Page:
XDR TB, also known as Extensively Drug Resistant Tuberculosis, has been declared by the WHO as one of the top 5 diseases that they are currently fighting to eliminate. XDR TB refers to strains of tuberculosis that are resistant to the most powerful antibiotics available, leaving patients with no treatment options available to them unless more effective drugs can be developed in time to help them. It’s important to understand what XDR TB is, how it differs from other strains of tuberculosis, and how it spreads so that you can take steps towards protecting yourself and your family from catching it and spreading it further.
What is TB?
Tuberculosis (TB) is a disease that infects your lungs and can spread to other parts of your body. The most common symptoms include
Why did we lose the battle?
Diagnosing, treating and containing multi-drug resistant tuberculosis (MDR-TB) is a long, arduous process that typically takes months and is often unsuccessful. Without early intervention and treatment, MDR-TB patients are 40 times more likely to die than their non-infected counterparts. In addition to facing longer periods of contagiousness during which they’re likely to infect more people, infected individuals may suffer serious health complications as a result of infection.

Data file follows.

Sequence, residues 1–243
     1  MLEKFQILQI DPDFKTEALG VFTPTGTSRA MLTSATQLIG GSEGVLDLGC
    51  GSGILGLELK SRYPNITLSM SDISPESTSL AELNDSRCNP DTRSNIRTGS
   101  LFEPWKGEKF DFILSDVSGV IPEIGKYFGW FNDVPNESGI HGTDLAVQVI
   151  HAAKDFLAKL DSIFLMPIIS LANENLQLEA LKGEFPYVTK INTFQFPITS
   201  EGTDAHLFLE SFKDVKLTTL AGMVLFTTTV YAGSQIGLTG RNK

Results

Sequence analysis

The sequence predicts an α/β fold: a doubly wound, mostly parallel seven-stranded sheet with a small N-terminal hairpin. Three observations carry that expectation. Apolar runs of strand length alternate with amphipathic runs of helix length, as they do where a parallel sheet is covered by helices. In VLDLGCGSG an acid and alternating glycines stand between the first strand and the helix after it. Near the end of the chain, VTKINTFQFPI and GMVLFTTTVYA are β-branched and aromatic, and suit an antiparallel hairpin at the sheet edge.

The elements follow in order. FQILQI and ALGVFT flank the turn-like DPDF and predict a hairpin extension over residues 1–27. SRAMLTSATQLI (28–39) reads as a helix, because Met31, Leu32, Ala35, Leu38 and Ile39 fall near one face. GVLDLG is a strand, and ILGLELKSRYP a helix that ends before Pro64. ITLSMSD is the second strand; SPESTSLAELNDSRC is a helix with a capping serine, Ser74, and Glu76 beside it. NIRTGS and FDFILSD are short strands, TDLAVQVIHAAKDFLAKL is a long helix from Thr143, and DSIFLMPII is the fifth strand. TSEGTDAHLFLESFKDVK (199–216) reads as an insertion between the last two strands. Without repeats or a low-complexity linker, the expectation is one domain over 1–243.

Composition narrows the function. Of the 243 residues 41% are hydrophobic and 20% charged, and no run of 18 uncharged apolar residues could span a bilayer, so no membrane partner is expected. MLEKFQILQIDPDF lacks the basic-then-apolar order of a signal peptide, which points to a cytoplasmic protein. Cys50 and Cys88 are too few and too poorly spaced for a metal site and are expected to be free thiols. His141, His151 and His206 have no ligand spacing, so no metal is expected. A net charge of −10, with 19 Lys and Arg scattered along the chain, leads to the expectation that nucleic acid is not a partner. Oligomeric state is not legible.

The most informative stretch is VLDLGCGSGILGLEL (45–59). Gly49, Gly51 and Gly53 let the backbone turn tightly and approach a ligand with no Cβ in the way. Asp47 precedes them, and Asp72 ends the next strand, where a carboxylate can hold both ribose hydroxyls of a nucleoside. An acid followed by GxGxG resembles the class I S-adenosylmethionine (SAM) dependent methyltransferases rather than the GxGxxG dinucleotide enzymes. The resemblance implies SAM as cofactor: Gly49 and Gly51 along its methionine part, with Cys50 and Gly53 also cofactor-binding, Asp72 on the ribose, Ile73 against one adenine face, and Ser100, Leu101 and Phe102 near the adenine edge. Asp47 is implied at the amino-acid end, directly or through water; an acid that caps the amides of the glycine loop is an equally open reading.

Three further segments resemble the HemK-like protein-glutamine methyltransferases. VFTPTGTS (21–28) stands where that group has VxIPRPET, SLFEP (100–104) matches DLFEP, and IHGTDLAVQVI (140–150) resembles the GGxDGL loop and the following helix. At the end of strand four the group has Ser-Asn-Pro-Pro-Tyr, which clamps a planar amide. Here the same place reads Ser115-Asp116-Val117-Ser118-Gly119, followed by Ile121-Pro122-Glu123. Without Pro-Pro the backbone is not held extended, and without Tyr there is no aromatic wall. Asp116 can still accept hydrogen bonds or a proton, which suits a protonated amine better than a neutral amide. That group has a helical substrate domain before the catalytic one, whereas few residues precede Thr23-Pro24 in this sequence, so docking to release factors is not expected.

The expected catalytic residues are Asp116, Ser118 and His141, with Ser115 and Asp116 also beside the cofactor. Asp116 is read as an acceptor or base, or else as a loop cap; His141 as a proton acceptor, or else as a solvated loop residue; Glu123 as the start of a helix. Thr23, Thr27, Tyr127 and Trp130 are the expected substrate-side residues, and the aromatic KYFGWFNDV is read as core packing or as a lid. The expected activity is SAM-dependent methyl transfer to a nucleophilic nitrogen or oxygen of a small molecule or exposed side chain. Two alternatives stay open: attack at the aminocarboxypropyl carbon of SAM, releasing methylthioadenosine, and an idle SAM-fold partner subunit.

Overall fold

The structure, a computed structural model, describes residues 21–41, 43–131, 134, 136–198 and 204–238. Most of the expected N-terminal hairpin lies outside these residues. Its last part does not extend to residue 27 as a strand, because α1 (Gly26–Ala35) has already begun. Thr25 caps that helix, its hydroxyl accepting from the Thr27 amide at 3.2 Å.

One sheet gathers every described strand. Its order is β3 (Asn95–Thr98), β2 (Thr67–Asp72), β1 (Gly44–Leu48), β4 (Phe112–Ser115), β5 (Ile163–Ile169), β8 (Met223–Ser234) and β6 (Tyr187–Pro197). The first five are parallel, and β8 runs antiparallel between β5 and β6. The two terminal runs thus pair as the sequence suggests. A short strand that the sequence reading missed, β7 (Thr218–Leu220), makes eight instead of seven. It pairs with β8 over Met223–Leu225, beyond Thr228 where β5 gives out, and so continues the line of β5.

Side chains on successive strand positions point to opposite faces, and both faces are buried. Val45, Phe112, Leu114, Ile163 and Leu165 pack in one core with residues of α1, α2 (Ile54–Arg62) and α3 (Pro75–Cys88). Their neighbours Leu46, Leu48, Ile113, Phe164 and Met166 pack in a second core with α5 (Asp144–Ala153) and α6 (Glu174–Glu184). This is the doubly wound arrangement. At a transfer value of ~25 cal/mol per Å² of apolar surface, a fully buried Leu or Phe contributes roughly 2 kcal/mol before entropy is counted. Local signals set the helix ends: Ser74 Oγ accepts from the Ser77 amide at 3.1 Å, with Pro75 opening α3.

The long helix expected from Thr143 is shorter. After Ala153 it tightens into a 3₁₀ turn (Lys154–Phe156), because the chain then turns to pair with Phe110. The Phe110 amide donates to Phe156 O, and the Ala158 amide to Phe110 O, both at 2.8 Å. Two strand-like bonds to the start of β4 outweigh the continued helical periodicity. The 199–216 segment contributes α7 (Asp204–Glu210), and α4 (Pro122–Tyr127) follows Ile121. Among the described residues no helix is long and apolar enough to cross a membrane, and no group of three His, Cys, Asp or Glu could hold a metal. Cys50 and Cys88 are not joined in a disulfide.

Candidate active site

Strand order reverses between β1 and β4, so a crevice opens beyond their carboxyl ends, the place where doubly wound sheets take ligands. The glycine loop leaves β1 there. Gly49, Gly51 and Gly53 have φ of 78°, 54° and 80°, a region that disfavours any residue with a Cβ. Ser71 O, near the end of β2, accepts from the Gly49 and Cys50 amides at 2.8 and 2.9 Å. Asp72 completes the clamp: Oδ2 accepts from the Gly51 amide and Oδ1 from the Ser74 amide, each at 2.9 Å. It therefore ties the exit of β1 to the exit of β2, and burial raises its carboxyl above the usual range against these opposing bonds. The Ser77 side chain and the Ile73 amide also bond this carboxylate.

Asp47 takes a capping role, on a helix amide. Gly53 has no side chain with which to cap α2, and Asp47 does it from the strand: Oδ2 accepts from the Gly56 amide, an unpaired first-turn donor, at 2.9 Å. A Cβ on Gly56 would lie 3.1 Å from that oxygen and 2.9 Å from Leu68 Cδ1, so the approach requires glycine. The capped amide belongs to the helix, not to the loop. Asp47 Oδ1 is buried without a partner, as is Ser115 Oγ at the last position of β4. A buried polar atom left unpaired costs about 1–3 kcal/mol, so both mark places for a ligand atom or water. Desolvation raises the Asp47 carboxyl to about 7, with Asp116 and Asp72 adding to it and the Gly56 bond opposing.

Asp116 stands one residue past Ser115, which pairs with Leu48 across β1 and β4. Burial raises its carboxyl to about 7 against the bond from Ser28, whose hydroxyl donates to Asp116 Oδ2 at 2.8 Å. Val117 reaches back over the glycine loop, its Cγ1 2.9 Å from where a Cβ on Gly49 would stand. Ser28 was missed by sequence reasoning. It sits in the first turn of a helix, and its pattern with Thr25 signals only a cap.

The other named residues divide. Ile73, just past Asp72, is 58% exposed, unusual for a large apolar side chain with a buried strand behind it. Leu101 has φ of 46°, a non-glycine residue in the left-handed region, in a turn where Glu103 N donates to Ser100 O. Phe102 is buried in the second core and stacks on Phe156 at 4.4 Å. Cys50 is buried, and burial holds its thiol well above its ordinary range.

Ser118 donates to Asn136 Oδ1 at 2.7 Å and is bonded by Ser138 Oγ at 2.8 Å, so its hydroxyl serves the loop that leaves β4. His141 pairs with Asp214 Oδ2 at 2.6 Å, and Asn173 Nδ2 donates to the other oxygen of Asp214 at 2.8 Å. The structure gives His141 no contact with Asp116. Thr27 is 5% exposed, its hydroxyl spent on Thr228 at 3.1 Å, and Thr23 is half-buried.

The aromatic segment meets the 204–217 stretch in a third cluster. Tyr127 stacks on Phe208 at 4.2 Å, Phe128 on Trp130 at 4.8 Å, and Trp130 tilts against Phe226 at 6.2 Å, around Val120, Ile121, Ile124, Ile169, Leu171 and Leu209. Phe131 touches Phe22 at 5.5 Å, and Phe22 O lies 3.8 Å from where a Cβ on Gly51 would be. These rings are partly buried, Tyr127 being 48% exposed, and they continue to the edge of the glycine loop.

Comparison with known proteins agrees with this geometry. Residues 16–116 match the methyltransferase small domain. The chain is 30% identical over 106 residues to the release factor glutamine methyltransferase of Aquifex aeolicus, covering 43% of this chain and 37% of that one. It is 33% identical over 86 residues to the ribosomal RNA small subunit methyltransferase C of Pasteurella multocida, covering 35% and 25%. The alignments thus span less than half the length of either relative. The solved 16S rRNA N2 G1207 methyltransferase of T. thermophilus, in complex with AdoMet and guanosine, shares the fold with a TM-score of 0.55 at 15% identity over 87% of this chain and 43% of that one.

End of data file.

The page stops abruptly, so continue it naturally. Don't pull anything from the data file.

Today's Treatments Will Likely Fade Away
The antibiotic regimens that work for drug-susceptible tuberculosis (TB) don't touch M. tuberculosis that's resistant to all standard drugs, such as first-line drugs rifampin and isoniazid. As a result, treatment can last more than two years and cost hundreds of thousands of dollars in countries with significant burdens of multi-drug resistant TB, especially places like Russia and China where care often isn't free.
The Future Looks Promising
About 40% of people who have extensively drug-resistant tuberculosis will die from it within a year. About half of those infected with MDR-TB and 85% of those infected with XDR-TB will develop active disease at some point in their lives. Although, thanks to recent breakthroughs, there’s reason to be optimistic about improving these statistics for future generations.